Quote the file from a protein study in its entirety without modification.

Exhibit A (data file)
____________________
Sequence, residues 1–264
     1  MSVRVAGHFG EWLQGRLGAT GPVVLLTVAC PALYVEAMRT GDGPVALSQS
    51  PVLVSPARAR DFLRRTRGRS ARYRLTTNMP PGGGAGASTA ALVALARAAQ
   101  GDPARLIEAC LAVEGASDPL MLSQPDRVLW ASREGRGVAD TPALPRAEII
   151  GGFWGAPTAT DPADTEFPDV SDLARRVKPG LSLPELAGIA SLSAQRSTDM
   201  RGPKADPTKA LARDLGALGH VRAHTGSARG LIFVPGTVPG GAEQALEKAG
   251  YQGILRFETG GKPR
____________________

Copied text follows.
Sequence, residues 1–264
     1  MSVRVAGHFG EWLQGRLGAT GPVVLLTVAC PALYVEAMRT GDGPVALSQS
    51  PVLVSPARAR DFLRRTRGRS ARYRLTTNMP PGGGAGASTA ALVALARAAQ
   101  GDPARLIEAC LAVEGASDPL MLSQPDRVLW ASREGRGVAD TPALPRAEII
   151  GGFWGAPTAT DPADTEFPDV SDLARRVKPG LSLPELAGIA SLSAQRSTDM
   201  RGPKADPTKA LARDLGALGH VRAHTGSARG LIFVPGTVPG GAEQALEKAG
   251  YQGILRFETG GKPR